NFPs Call for Release of Mental Health Review
15 April 2015 at 10:55 am
Key mental health Not for Profits have called for the full release of the leaked National Mental Health Commission’s Review into Australia’s mental health services.
Executive Director of Anglicare Australia, Kasy Chambers has joined other leaders in the mental health sector in calling for the full document to be released after the report’s executive summary was leaked to the ABC.
The leaked report commissioned by the Federal Government recommends redirecting more than $1 billion in funding from acute hospital care to community-based mental health services.
Former Health Minister Peter Dutton received the document in November 2014 but the review is yet to be made public.
“This review was promised by the Government in the lead up to its election, and was completed at the end of last year,” Chambers said.
“Before the Government makes any major decisions on mental health, we should all be able to consider the recommendations of this review.
“Like all national policy conversations, it is vital that the people who will be most profoundly affected are central to the conversation. That’s not just about being respectful. It’s also about making the best decisions.
“It may be the government plans to take some action in this year’s Budget. It should release this review now so we can consider its findings in good time.”
Mental health charity SANE Australia called for national leadership on mental health reform from all Governments and all political parties.
“The time for leadership and action to reform the mental health system has arrived,” SANE Australia CEO Jack Heath said.
“All levels of Government need to get on with the job of creating a mental health system that provides the appropriate supports and services to people when and where they need it.
‘To do this we need determined leadership at a national level, backed by strong support across all political parties – this is one issue where we should be able to work together free of politics.”
Heath urged the Federal Government to release the National Review of Mental Health Programmes and Services in full, as well as its response to the review, as a matter of urgency.
“Later this week, when Federal Minister Sussan Ley meets with her State counterparts, she should lead the charge and call for a concerted national effort to fix the ‘fundamental structural shortcomings’ in the mental health sector, as identified by the Commission,” Heath said.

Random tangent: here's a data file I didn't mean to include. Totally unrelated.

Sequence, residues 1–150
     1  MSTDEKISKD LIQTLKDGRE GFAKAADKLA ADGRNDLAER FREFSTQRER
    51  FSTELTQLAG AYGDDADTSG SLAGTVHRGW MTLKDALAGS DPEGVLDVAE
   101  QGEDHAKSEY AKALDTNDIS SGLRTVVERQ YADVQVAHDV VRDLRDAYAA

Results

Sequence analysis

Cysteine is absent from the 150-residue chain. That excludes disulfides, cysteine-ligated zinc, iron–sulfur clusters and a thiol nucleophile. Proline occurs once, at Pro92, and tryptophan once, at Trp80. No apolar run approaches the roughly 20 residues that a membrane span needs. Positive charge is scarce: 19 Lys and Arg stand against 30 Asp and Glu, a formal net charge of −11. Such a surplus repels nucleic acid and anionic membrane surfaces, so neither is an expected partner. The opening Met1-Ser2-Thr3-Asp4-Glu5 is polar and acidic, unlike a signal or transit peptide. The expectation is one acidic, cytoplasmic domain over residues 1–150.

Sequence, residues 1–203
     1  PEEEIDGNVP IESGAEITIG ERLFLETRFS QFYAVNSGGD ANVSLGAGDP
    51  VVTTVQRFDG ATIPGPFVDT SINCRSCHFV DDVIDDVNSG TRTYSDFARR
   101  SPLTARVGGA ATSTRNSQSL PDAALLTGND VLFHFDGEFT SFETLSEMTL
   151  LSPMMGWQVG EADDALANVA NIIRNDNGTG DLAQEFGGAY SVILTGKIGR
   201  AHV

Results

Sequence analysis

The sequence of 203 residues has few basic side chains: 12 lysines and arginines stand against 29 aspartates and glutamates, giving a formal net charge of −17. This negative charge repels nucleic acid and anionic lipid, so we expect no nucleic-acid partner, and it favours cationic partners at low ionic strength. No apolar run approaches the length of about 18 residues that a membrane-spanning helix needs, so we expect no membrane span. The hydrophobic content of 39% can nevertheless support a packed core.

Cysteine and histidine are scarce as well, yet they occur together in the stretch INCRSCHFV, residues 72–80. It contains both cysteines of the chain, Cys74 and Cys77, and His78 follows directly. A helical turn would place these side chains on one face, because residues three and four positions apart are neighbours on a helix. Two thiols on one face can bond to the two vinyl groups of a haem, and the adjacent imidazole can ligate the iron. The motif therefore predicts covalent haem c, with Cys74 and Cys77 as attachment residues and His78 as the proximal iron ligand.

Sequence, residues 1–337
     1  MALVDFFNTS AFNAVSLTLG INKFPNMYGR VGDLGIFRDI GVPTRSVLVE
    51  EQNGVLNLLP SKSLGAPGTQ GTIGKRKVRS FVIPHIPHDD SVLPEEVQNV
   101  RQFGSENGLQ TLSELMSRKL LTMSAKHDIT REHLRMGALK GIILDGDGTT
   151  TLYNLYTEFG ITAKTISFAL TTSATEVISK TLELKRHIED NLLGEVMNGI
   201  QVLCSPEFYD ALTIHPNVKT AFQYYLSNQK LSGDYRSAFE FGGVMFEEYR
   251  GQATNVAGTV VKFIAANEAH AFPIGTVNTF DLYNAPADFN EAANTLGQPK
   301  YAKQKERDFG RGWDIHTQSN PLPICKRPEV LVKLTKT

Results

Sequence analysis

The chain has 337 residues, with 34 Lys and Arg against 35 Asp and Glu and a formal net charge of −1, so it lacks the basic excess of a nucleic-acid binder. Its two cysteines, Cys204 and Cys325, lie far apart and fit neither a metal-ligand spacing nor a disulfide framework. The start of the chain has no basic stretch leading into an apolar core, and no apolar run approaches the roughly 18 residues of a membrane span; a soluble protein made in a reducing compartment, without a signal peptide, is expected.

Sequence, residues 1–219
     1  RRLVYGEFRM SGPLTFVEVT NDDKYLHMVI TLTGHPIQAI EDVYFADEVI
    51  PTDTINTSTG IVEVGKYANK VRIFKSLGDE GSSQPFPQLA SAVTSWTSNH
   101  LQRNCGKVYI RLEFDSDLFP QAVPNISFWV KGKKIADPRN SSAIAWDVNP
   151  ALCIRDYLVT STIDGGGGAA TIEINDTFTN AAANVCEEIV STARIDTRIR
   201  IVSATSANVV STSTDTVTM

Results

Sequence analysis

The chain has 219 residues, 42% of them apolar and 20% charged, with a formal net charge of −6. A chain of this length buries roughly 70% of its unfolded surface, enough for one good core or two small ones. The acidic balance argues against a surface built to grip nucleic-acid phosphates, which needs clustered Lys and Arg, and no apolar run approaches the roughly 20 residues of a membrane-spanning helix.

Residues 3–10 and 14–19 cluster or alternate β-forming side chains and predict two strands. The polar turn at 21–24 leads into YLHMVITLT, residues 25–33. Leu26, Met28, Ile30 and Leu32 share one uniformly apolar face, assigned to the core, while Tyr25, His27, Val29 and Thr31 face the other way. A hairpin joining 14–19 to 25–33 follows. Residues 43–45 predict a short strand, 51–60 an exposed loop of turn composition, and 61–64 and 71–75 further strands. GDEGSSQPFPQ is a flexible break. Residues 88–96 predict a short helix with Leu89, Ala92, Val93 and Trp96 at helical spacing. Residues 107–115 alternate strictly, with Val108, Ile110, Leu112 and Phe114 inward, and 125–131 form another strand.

“We need to put in place a 10-year reform strategy which sets clear targets and indicators to drive systemic change in the mental health system.”
Heath said SANE Australia supports Professor John Mendoza’s call for a National Mental Health Reform Compact.
“The National Compact should also include a clear commitment to increase funding for community-based mental health care but not at the expense of acute services that are currently struggling. We need to shift the funding mix but only over time,” he said.
Heath said that despite the Federal Health Minister’s announcement of $300 million in mental health funding last week, there remains great uncertainty as to which specific programs will be funded.
“No business or organisation can operate effectively if it does not have security around ongoing funding. We need the Federal Government to provide clarity regarding funding in both the immediate and longer term so that, together, we can build a mental health system Australia can be proud of,” he said.
The National Mental Health Commission released a statement after the document was leaked saying that there was a need for strong partnerships between the Commonwealth and the States and Territories to address serious mental health issues in this country over the long term.
"While the Review Report has not yet been formally released, the Commission considers that there should be no reduction in Commonwealth money going into States and Territories. However, better coordination and more efficient use of expenditure is needed to help achieve better outcomes for individuals, families, communities and the Australian economy,” Commission Chair Professor Allan Fels said.
"Redirecting Commonwealth funding over time from growth in hospital funding to community and primary health care is consistent with directions presented in mental health reviews and reports over the past 40 years. This could commence in two years’ time to allow for adequate planning.
"The aim is to put additional funds into services which keep people out of hospital, take the pressure off state and territory hospitals and emergency departments, keep people in their homes with their families and other support people, enable them to lead contributing lives and maximise value for taxpayers.
"Part of this includes working with the states and territories to better coordinate roles and funding arrangements in mental health and suicide prevention, but certainly not to reduce the part the States and Territories play.
"We are confident that when the Government releases the full report there will be an opportunity for Government and mental health experts to work together to improve the lives of millions of Australians.”